Submitted names are contributed by users of this website. The accuracy of these name definitions cannot be guaranteed.
Russian surname. The feminine form Alliluyeva
was borne by Nadezhda Alliluyeva (1901-1932), the second wife of Soviet Premier Joseph Stalin.
ANDRELLY Russian, Ukrainian
The first occurrence that I found was of Mikhaila Orosvigovskago ANDRELLY, or ANDRELLA (author of religious literature, in the century XVI) .
Habitational name for someone from Arkhangelsk, a province (oblast
) of Russia.
Originally spelled Ozimov, Asimov is the anglicized surname of science fiction writer Isaac Asimov. His father was not familiar with Latin characters when they immigrated to the United States, when Isaac was 3, so the name became Asimov, not Azimov.... [more]
Means "son of the boyar", derived from Russian барин (barin)
BARNO Italian, Ukrainian, French, Ancient Aramaic, Russian
The surname Barno was first found in the north of Italy, especially in Tuscany. The name occasionally appears in the south, usually in forms which end in "o," but the northern forms ending in "i" are much more common... [more]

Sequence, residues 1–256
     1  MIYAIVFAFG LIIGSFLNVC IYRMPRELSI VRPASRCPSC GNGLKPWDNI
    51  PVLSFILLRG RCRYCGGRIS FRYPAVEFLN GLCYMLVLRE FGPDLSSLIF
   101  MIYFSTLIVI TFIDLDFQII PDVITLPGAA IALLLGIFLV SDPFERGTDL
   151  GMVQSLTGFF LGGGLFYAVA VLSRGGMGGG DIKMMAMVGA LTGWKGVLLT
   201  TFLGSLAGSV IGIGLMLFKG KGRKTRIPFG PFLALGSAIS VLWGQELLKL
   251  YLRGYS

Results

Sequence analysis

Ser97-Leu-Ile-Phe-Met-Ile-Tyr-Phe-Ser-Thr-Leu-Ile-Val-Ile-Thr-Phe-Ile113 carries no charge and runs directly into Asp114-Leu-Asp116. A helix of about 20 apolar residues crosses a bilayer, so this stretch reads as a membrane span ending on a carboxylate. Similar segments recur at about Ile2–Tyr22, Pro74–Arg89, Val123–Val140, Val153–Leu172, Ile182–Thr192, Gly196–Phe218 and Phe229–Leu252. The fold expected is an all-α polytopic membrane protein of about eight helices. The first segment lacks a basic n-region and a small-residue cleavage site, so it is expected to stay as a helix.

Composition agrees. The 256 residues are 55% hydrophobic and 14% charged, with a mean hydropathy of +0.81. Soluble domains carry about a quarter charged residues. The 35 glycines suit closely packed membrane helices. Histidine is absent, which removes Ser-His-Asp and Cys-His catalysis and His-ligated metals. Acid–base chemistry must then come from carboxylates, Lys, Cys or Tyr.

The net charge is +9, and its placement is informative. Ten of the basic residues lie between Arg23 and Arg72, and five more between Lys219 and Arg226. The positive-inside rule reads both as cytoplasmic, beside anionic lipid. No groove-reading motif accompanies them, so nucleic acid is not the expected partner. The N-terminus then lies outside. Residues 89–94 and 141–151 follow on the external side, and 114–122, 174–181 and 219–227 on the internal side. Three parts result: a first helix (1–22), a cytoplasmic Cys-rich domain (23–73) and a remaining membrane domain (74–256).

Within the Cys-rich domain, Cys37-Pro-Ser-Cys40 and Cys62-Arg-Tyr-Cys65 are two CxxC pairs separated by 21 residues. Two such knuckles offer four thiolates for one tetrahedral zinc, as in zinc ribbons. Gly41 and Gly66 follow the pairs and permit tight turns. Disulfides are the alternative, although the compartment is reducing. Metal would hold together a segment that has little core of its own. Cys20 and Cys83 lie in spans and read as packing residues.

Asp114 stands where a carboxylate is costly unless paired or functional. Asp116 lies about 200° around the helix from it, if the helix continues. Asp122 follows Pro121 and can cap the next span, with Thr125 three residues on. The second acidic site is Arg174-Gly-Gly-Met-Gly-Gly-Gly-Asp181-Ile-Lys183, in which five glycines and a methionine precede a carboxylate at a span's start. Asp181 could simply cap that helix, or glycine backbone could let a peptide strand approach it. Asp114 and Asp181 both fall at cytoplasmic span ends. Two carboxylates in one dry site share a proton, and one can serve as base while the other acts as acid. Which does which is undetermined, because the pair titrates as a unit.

Derived from Russian белый (belyy)
meaning "white, fair".
BELINSKY Russian, Jewish
Habitational surname for someone from Belin
in Ukraine, which may be derived from Proto-Slavic *bělъ
Patronymic from the nickname Belka
meaning "squirrel" (a derivative of bely
"white", referring to the animal's white stomach).
A common Russian surname, derived from the word "Bely", which means "white".
Russian surname, derived from the word "блин" (pancake).
This was the surname of Evgeniy
Botkin ( 1865 - 1918) who was the Russian court physician. He remained loyal to the family of Tsar Nicholas II Romanov when the revolution occurred and followed them into exile in Siberia... [more]
It is believed to mean "The Blessed One" or "Bless You" in Russian.
CHERKASSKY Russian, Jewish
Derived from Russian Черкес (Cherkes)
meaning "Circassian", referring to a Muslim ethnic group native to the North Caucasus. This was the name of a noble Russian family of ethnic Circassian origin.
CHERNOFF Russian, Jewish
Alternative spelling of Chernov
, a patronymic from the byname Chernyj
meaning ‘black’, denoting a black-haired or dark-skinned person.
Variant spelling of Dementyeva, and feminine counterpart of Dementyev.
Means "son of Demid
". This was the name of a Russian industrialist family prominent in the 18th and 19th centuries. A bearer of the feminine form Demidova
was Anna Stepanovna Demidova (1878-1918), a lady-in-waiting in the service of Empress Alexandra Feodorovna who acquired posthumous fame for being executed alongside her employer in 1918.